Chat with us, powered by LiveChat

4 Metrics That Impact Pipeline and Drive Growth

4 Metrics That Impact Pipeline and Drive Growth

On several occasions in this blog, we’ve shared how maintaining accurate data and metrics in a CRM, and leveraging such data to make informed business decisions, helps produce accurate forecasting you can count on. During a recent study we conducted with Selling Power, we found that best-in-class sales teams do just that – identify metrics that impact pipeline and drive growth. A few weeks ago, I touched upon this idea briefly in my webinar. Now, I want to circle back and share four key metrics that you should pay attention to as they can have a substantial impact on the health and growth of your sales organization:

The Number of Deals in Your Sales Funnel

One key metric you want to keep track of is how many deals are in different stages of your sales process at any given time. Best-in-class organizations should set up a sales process that closely aligns with the buyer’s journey and tracks how deals and opportunities move through each stage. This allows you to calculate the average time it should take for a deal to advance from stage to stage and quickly identify opportunities that become dormant and no longer advance. It also allows you to spot trends and areas of improvement by identifying recurring problems. For example, it could be that your prospects are not fully engaged and nurtured during the sales process, or it could be that many deals fail at a certain juncture. Monitoring and analyzing the sales funnel can reveal problem areas that may originate with individuals, the entire sales team, or worse, your sales process.

But how do you determine the ideal number of deals that should go through your sales funnel? This number can vary widely based on factors such as the size of your organization, product portfolio, geographic location, or industry. Look at it this way: If 30 percent of your total sales funnel turns into customers, you want to make sure that these 30 percent are enough to satisfy your annual revenue targets. To do that, you’ll need to aim at generating 70 percent or more of additional opportunities throughout the year.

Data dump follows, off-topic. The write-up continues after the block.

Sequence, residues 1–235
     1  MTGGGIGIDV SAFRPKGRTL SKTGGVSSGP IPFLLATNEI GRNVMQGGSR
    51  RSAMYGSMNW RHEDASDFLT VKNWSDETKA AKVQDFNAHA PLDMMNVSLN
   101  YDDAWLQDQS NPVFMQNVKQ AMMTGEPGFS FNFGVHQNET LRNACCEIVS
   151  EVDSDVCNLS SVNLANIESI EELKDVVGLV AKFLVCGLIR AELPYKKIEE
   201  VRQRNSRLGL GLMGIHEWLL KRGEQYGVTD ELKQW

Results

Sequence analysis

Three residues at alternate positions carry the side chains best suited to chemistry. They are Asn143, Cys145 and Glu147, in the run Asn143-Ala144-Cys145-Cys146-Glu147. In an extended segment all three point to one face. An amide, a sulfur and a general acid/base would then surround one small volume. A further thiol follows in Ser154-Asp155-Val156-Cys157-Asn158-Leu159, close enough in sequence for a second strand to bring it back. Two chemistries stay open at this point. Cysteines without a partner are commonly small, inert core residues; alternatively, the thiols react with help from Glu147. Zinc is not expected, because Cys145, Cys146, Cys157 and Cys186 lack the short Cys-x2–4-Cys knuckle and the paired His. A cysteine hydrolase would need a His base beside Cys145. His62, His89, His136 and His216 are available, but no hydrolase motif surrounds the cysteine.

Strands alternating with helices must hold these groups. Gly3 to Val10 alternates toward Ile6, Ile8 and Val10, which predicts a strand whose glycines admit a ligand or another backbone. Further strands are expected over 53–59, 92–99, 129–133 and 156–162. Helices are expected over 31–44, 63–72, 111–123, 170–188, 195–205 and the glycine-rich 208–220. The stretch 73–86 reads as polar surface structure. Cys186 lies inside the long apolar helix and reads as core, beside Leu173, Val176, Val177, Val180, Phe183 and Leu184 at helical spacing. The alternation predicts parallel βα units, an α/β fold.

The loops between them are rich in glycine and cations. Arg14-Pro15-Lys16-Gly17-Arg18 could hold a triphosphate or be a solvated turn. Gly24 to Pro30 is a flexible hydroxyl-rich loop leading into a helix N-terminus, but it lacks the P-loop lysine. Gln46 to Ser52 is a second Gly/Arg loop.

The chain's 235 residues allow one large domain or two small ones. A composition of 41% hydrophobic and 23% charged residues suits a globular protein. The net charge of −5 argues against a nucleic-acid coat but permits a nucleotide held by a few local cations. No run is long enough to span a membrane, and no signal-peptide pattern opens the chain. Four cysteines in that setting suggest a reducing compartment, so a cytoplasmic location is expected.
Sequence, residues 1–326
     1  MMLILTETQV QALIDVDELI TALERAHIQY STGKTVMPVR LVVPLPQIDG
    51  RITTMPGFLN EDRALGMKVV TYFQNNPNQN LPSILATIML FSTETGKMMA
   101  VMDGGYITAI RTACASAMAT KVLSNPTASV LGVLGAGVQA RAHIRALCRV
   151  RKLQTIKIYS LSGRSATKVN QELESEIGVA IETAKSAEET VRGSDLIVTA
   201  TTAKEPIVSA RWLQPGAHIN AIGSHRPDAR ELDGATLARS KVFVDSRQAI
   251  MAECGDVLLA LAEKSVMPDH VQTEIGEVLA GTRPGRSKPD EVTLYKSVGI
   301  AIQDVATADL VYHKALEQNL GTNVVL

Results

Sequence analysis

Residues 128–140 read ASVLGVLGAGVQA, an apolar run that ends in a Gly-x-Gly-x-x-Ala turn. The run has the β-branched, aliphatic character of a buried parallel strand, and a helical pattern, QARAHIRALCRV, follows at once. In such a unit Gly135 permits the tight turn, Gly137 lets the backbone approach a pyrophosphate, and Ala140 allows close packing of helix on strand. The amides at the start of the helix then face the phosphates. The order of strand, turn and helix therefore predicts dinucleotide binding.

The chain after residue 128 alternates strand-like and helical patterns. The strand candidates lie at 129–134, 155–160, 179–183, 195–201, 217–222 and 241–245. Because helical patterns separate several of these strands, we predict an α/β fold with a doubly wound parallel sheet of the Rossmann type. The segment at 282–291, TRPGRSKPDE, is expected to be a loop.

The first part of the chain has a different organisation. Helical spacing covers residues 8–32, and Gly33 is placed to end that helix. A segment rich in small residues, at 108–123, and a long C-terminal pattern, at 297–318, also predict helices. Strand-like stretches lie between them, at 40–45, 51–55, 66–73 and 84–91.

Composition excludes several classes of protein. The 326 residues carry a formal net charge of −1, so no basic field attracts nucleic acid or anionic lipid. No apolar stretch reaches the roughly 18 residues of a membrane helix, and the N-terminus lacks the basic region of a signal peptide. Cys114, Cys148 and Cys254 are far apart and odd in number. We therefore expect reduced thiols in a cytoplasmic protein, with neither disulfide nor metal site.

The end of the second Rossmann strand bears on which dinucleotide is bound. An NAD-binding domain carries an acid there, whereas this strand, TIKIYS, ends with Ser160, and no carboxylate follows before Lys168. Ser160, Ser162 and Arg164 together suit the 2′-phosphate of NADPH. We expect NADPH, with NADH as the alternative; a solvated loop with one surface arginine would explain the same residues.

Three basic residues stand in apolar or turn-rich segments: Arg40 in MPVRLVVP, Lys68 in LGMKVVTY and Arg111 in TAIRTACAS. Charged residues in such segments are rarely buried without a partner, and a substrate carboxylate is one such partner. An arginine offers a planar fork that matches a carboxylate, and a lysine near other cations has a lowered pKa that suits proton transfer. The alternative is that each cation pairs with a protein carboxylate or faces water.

Average Size of Deals

Another key metric to pay close attention to is average deal size. Analyze data from the past to get a sense of how many deals were won each year. Then, introduce your annual revenue goals into the equation and divide the desired revenue goals by the number of deals expected to close. This should give you a sense of how much your average opportunity size needs to increase (or, going back to the previous notion regarding your sales funnel, how many additional leads and opportunities you need to generate).

Please note – as with most of these metrics – you should separate your data into more granular sets of groups. For example, your sales organization may sell to enterprise accounts as well as to SMBs. Their sales processes and targets should be separated and analyzed individually. A one-size-fits-all approach to determine average deal size will not give you the data you need if you combine deals that are vastly different in complexity and size.

Conversion Rates

We keep the term “Conversion Rates” ambiguous on purpose because there are many conversion rates that should be tracked and analyzed that will have an impact of driving growth, in particular:

  • Lead Conversion Rates (this will sustain pipeline growth)
  • Opportunity Conversion Rates (to grow the sales funnel)
  • Opportunity Win Rates

Beyond that, there are more granular approaches to measuring conversion data, including by opportunity owner, lead source, or campaign.

In a nutshell, conversion rates are indicators of the quality of your leads, the productiveness of your team members, and the effectiveness of your business development efforts and sales processes as a whole. A drop in conversion rates will signal that reaching revenue targets might be in jeopardy.

Existing Account Growth

Existing account growth is an important metric and factor that supports revenue attainment goals. There are many reasons why an already established business relationship should be a key factor of revenue growth strategy, such as:

  • Built-in trust and brand recognition
  • Recurring revenue streams through cross and up-sell opportunities
  • Comprehensive understanding of client needs

Rather than merely managing clients, your sales force should think of improving a customer’s overall satisfaction to increase retention, reduce churn, and provide growth.

Tracking your prospecting metrics is essential to maintaining a healthy pipeline. It helps provide sales reps with a very clear understanding of the activities needed to build a powerful pipeline and regularly exceed quota. Through a realistic understanding of the metrics that impact prospecting, you will be in a better position to forecast effectively, make real-time course corrections, and discover areas where your teams could benefit from sales training or targeted coaching to improve performance.

2 replies on “4 Metrics That Impact Pipeline and Drive Growth”

  1. Solid advice and good reinforcement of the importance of having structure and metrics in a top performing business process.

Comments are closed.